[click here for a larger, printable map]

Beyond the wilderness boundary, the trail descends across another pumice slope, then drops more steeply on a surface of loose glacial till as it traces the west moraine of the White River canyon. Soon, you will reach the overlook where the Timberline Trail follows the moraine crest, and arrives at a stand of trees. This is a good spot to stop and take in the scenery, and especially to pick out the signs of the buried forest, at the bottom of the canyon, below.

The south-facing slopes and open terrain can make this a hot, dusty hike in late summer, so be sure to carry water. You will also want a pair of binoculars to view the buried forest details more closely. If you have the time and energy after visiting the buried forest overlook, you can retrace your step to the dirt access road, then turn right and follow it to Silcox Hut, about 0.8 miles from the trailhead. The hut was the original upper terminal for the first Magic Mile ski lift in the late 1930s, and today is maintained as an historic structure.

SOLVED: North Side Waterfall Mystery

August 28, 2011

Fans of the classic 1975 edition of Jack Grauer’s “Mount Hood: A Complete History” have memorized the many rare photos and stories found only in this unique book. For waterfall hunters, the photo on page 226 (shown above) is particularly compelling. The 1890s image is titled “Wallalute Falls on Compass Creek”, and shows the tiny figure of a man at the base of a dramatic falls.

The mystery in this caption stems from the fact that USGS maps have long shown Wallalute Falls to be the prominent cascade on the Eliot Branch, just below Cloud Cap. This huge falls is visible from Inspiration Point on the Cloud Cap Road, and is clearly not the same as the cascade shown in the Grauer book.

This article attempts to untangle the story of these waterfalls, and the confusion surrounding the names of the remarkable, mysterious group of waterfalls spread across the Eliot, Compass and Coe drainages.

The story begins in June 2010, when I posted a report at PortlandHikers.org on my first good view of the two mapped waterfalls on the Coe Branch. I had spotted them from an off-trail outcrop on the east rim of the Hood River Valley, and captured this grainy view from a very long telephoto image:

My excitement over this sighting began with the first good look at the very tall, powerful Coe Falls. Though I had explored the brink of the falls from the Timberline Trail, I had never made the rugged descent to the base of the falls. Thus, finally seeing this magnificent waterfall in its entirety was a thrill.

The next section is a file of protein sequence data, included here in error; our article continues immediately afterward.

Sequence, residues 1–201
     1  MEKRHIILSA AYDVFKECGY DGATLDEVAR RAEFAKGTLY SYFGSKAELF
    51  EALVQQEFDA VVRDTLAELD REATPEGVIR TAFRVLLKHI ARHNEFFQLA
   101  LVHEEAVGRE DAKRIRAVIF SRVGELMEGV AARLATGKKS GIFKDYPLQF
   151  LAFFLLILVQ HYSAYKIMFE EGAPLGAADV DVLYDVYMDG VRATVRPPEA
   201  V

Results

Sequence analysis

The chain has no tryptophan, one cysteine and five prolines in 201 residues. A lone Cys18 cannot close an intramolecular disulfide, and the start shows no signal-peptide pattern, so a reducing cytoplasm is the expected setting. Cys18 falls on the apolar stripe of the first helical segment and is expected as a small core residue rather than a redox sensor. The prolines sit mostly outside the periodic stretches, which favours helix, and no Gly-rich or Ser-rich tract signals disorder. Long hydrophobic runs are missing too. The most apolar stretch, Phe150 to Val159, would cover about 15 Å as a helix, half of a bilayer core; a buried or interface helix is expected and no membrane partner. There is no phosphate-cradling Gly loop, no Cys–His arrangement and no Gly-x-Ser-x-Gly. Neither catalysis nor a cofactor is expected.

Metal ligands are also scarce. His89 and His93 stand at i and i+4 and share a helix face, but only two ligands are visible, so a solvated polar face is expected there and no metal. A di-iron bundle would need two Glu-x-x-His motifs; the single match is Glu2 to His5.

I watched Coe Falls for a moment through the lens, and then to my astonishment, I realized that the adjacent falls (on an unnamed tributary to the Coe Branch) was also in plain view! While Coe Falls was towering and stately, this neighboring cascade was a sprawling, graceful veil. I gave the unnamed falls the working title of “Kalakwhahtie Falls”, which is Chinook jargon for “petticoat”, and quite descriptive of the falls (and I couldn’t bring myself to add another “Bridal Veil” falls to the long list with that name!)

Wayne Harvey’s Adventures

Based on my PortlandHikers.org report and the photo schematic I provided, local waterfall adventurer Wayne Harvey was intrigued, and in July 2010 made an epic solo trip into the Coe Branch canyon to explore and document this impressive pair of waterfalls. His trip produced the first known contemporary image of Coe Falls, thundering into its huge amphitheater:

Coe Falls in 2010

Wayne also captured the first known photo of Kalakwhahtie Falls, cascading over the east wall of the Coe Falls amphitheater. Though the mid-summer stream levels in Wayne’s photo (below) were notably lower than in my grainy images from across the valley, his images captured a uniquely beautiful waterfall:

Kalakwhahtie Falls in 2010

Wayne’s photos of Coe Falls immediately raised questions about the Wallalute Falls image in the Grauer book. The resemblance was striking, and without definitive modern images of the waterfalls on Compass Creek to compare to, another possibility arose: was the falls in Jack Grauer’s book actually Coe Falls?

Further intrigued by the unfolding mystery, Wayne made a second, even more rugged solo trip into the Coe Branch canyon in July 2011, this time to explore Compass Creek and document the remaining waterfalls of Mount Hood’s north slope.

Wayne’s 2011 return trip took him across the boulder-filled floor of the Coe Branch valley, then into the dense underbrush of the remote Compass Creek canyon. His first discovery was the lower of the two mapped falls on Compass Creek to be much larger than anyone had imagined, dropping roughly 100 feet into a picturesque bowl (below).

Lower Compass Falls in 2011

The larger-than-expected lower falls also presented an obstacle for Wayne as he searched for a route upstream to the main falls. He later described a scramble up a steep chute that was “all fours in places”, and the only passable route. Beyond the scramble past the lower falls, Wayne continued upstream to an impressive view of Compass Creek Falls, dropping nearly 200 feet into a sheer amphitheater (below).